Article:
BLOG TO SAVE ENERGY

This week, as global leaders gather at the Global Climate Action Summit, we need to ensure we are not only cultivating ambition, but also exploring collaborative clean energy solutions that address multiple challenges.
In mid-August, the Alliance to Save Energy led a bipartisan group of 11 Congressional staff to Seattle and the surrounding area to learn about energy efficiency technology and policy beyond the beltway. Seattle was a great location for such a trip as it combines strong leadership on energy efficiency issues at both the state and city levels and is home to many companies on the leading edge of energy efficiency technology.
The U.S. government spends roughly $6 billion each year on the energy consumed by people and systems within federal buildings. This cost is far higher than necessary because many older federal buildings are very energy inefficient and do not take advantage of new technologies that can shift, shape and integrate energy needs with innovative solutions. Upgrading the equipment and systems in existing buildings would be an investment bargain that saves money for decades, but it’s not happening nearly as much as it should.
Alabama Power
Southern Company and its Alabama Power subsidiary are proactively simulating what one possible future may hold for energy providers and their customers with the first-of-its-kind Smart Neighborhood(TM). In a rapidly changing energy landscape, this initiative will help Southern Company adapt and continue providing clean, safe, reliable, affordable energy to the customers and communities served.

President George W. Bush signs into law H.R. 6, the Energy Independence and Security Act of 2007, Wednesday, Dec. 19, 2007, at the U.S. Department of Energy in Washington, D.C. White House photo by Joyce N. Boghosian.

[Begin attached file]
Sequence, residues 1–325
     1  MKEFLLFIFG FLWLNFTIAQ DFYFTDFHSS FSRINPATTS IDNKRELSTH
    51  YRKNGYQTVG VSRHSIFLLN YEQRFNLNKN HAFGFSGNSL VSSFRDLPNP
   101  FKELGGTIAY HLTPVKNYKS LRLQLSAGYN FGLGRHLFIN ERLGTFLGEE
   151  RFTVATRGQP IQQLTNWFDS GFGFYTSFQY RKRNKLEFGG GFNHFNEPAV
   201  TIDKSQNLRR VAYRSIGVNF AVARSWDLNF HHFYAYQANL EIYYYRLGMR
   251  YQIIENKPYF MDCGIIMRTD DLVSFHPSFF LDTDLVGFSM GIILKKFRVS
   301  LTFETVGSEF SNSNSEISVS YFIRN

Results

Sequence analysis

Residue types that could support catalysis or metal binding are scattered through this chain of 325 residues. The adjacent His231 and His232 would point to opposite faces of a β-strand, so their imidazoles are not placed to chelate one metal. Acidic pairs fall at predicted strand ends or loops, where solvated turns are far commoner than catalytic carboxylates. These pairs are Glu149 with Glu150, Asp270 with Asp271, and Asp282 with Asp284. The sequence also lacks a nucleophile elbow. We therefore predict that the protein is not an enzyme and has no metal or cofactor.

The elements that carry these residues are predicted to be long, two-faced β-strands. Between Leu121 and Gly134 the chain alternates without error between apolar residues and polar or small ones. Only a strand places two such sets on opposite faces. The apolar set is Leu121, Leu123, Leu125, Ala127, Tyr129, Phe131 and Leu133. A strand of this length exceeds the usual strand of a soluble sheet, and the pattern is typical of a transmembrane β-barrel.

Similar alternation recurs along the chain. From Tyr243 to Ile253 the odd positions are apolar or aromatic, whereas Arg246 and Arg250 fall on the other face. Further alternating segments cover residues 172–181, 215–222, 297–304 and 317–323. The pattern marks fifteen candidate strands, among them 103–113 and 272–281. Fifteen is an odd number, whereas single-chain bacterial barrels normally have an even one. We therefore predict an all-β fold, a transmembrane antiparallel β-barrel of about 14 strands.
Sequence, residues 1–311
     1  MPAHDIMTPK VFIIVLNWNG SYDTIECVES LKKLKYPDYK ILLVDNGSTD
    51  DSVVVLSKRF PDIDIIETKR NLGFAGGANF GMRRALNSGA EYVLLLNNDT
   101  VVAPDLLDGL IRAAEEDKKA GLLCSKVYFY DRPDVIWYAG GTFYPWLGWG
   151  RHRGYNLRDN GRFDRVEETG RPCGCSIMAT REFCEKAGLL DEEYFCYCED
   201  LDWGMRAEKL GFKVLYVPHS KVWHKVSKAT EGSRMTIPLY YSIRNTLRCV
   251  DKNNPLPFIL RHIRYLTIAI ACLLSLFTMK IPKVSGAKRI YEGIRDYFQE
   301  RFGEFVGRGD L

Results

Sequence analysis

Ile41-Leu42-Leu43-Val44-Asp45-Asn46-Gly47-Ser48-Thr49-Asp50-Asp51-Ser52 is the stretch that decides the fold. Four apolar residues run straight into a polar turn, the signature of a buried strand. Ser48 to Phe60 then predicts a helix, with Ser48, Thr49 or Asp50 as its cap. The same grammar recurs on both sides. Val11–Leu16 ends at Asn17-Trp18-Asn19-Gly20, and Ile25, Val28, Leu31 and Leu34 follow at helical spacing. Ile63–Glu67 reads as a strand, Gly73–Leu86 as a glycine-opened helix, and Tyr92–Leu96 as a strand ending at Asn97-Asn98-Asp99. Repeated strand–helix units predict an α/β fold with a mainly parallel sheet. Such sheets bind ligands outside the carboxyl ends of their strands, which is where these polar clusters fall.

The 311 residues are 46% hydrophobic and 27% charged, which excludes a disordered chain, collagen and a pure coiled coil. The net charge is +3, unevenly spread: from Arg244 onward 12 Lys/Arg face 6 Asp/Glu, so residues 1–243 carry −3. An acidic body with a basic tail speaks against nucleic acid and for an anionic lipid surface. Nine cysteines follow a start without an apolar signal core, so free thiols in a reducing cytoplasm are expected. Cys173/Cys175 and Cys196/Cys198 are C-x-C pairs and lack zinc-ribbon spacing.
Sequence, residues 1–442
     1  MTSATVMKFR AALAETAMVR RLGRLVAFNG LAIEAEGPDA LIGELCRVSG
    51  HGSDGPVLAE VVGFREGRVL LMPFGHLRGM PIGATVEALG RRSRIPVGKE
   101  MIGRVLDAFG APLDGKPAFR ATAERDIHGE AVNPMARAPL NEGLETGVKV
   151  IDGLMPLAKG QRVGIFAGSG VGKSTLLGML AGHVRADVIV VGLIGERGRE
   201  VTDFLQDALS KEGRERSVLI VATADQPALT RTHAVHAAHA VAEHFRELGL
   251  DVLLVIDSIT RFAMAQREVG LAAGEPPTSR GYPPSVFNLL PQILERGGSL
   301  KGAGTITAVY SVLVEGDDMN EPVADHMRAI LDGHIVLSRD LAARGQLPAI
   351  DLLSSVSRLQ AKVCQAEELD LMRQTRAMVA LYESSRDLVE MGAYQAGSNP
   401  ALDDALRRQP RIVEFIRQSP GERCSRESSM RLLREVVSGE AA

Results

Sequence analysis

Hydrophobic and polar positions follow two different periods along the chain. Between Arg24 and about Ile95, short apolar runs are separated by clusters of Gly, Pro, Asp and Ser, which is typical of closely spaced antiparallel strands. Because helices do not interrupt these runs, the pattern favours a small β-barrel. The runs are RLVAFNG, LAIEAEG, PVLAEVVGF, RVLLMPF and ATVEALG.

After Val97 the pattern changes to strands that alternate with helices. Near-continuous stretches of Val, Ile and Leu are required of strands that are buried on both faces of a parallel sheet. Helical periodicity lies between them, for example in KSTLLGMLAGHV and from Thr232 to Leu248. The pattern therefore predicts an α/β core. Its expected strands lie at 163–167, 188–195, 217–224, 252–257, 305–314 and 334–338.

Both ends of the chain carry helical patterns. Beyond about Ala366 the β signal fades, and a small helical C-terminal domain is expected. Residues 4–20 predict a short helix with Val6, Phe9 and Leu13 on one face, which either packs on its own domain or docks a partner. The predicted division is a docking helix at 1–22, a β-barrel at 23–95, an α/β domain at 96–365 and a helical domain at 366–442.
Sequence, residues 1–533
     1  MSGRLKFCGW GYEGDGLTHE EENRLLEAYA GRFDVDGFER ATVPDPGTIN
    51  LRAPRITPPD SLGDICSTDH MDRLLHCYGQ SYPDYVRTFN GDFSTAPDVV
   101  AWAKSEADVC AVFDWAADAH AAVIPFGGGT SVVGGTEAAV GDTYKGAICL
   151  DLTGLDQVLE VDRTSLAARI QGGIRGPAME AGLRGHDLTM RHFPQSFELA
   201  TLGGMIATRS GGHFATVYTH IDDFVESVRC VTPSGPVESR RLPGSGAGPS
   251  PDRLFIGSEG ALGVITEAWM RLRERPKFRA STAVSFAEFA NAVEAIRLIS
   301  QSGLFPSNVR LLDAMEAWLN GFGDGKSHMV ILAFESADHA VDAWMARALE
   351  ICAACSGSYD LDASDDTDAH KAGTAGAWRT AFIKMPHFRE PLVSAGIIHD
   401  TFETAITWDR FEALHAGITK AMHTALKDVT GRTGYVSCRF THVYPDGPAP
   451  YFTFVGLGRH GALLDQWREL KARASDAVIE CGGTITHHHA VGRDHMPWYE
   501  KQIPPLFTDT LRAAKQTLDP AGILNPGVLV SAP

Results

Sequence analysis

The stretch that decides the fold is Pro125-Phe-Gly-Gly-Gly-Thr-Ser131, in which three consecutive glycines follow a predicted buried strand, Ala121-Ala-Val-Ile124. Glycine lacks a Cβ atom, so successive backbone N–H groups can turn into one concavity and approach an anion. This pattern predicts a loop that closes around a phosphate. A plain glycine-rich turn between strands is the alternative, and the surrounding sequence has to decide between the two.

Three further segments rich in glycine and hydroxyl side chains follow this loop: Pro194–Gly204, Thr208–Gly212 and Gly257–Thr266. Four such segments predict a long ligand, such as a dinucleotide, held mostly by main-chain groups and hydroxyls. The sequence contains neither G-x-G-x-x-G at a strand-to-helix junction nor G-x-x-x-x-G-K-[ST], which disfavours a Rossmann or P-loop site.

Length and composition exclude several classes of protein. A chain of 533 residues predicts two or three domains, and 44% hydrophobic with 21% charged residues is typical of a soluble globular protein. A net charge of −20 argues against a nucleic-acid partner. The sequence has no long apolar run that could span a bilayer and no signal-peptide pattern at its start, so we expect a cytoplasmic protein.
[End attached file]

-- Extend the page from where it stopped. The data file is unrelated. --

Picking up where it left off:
In 2007, Congress came together and passed bipartisan legislation that advanced energy efficiency and addressed a problem facing American families. If you remember back then, most light bulbs used in homes were much less efficient than what we have today. Wasted energy to light our homes and businesses came at a high cost – hundreds of dollars for the average household. Democrats and Republicans joined forces and...

Improving energy efficiency in buildings and transportation is key to Denver's emissions reduction goal.
Building efficiency is one of the most effective near-term opportunities for achieving national and international climate and energy goals.
A recent GSA report finds overwhelming energy savings from high-performance buildings.
At a time when climate change gets woefully little attention on Capitol Hill, Curbelo’s bill was the talk of DC’s energy and environmental crowd.

With the World Cup final on Sunday, it’s a great time to consider the ways that energy efficiency is relevant to spectator sports. There are many ways energy use comes into play for events like the World Cup and the Olympics, from the flights and public transportation people take to the events to surges in electricity demand as larger numbers of people turn on lights, TVs, computers and other devices during or immediately following the events. For example, the largest surge in electricity demand during a World Cup happened in the U.K. in 1990. After England’s penalty shootout against West Germany, there was a 2,800 MW surge in energy use, which is the equivalent of 1.1 million tea...

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